The History of Literature Podcast

182 Darkness and Light (with Jessica Harper)

Jessica Harper has had the kind of life it would take ten memoirs to capture. Born in 1949, she went from a childhood in Illinois to a career as a Broadway singer, a Hollywood actor and movie star, a songwriter, an author of children’s books, an author of cookbooks, and now a podcaster. Along the way, she’s worked with everyone from Woody Allen to Steve Martin to Bette Midler to Garry Shandling to Peter O’Toole to Max von Sydow to Brian di Palma to – well, it’s a who’s who of everyone Jacke admired when growing up in the 70s and 80s. She joins Jacke for a conversation about her new project, WINNETKA, a podcast-memoir in which she explores her childhood in the 50s and 60s – and the secrets that cast long shadows across even the brightest of families.

Learn more about Jessica Harper and WINNETKA at winnetkapodcast.com.

Help support the show at patreon.com/literature or historyofliterature.com/shop. (We appreciate it!) Find out more at historyofliterature.com, jackewilson.com, or by following Jacke and Mike on Twitter at @thejackewilson and @literatureSC. Or send an email to jackewilsonauthor@gmail.com.

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2 thoughts on “182 Darkness and Light (with Jessica Harper)”

  1. Jacke,
    Thank you for the e mail telling me we are breaking up. It was the classic, “let’s be friends” note. I get that you have other plans beyond this gem of a podcast. I imagine that your next projects will be wonderful, too, but as a teacher and lover of stories and storytelling, this podcast will have a permanent place in my heart. The world is too much consumed with life as a profit – making endeavor so your efforts are noteworthy. It is obvious this program was a labor of love and I was hooked in that first episode when you cracked up your own self by declaring you were down in the gutter with a towel over your face.
    If you were worried about image and selling, you would have cut out that instant of sincerity.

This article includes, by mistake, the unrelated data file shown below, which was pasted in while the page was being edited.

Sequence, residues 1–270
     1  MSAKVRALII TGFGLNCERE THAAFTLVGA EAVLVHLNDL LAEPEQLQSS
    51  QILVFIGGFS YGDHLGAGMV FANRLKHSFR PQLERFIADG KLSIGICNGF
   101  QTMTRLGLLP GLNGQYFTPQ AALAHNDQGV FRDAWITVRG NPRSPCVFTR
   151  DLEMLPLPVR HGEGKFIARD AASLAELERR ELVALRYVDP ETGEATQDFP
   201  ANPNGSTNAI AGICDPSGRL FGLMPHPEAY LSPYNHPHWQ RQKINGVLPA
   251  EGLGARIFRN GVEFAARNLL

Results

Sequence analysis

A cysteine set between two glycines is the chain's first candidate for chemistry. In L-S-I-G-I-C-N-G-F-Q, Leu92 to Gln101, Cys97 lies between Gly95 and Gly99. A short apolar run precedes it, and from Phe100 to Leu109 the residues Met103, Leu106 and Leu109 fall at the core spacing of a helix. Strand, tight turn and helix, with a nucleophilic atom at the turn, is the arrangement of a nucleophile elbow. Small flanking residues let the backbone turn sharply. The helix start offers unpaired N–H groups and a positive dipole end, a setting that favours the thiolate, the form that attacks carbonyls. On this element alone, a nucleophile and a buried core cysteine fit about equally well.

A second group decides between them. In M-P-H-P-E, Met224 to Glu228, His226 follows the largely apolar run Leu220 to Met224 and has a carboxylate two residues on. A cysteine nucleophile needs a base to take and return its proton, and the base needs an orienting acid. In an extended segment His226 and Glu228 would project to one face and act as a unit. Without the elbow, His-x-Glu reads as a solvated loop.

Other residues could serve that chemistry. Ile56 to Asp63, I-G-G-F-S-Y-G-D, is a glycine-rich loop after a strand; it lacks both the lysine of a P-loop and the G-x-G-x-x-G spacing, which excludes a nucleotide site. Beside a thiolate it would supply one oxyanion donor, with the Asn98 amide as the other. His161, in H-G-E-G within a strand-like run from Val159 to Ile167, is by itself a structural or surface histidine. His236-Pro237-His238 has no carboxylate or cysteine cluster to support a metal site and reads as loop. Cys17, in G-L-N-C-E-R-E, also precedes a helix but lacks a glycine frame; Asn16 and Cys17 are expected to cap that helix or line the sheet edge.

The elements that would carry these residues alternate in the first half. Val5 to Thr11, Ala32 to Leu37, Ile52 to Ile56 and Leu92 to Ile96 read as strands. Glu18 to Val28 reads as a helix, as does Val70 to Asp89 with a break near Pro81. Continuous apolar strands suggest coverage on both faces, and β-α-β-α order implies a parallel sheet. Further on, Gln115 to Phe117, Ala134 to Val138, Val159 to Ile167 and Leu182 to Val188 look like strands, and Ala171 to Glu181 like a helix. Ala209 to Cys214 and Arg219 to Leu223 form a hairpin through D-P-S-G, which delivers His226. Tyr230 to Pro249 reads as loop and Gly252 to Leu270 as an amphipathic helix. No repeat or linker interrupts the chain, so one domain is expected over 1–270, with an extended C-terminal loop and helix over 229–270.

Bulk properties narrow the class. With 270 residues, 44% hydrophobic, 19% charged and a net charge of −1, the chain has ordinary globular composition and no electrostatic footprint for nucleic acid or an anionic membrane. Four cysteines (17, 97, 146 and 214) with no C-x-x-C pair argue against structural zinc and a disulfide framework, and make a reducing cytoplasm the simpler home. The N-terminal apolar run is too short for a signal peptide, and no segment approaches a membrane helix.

Your ability to take a subject and propose odd, thought – provoking exercises to them is something you do brilliantly. Suggesting some authors only need a paragraph of their writing to understand them is just an example of the fun you put into your discussions. When you and El Presidente both reminisced about your love of the Great Brain books, I knew there would be unique twists in this show. (I must say, though, I was surprised in your discussion of the lack of good, sports novels that you never mentioned the novel that ticked every box in your analysis, Bernard Malamud’s “The Natural”. Its ending is nothing at all like the Robert Redford movie and bears better scrutiny.)
    You are one of a kind, sir. That is one of the best compliments I think a person can receive. This podcast is no longer a thing. It is a spirit, an entity, created from your love of storytelling. It is immortal now. Thanks.

    1. What a beautiful comment – and hopefully we’ll stay good friends for a while! Many thanks for your kind words. I consider it a great privilege to have had the chance to talk to listeners like you. And I’m not finished yet. 🙂

      (PS: You’re right about The Natural. I have a feeling that was one in my show notes and didn’t make it into the conversation. It’s a great novel, though, and everyone should read it. (I like the movie too, even though they are, as you say, very different.)

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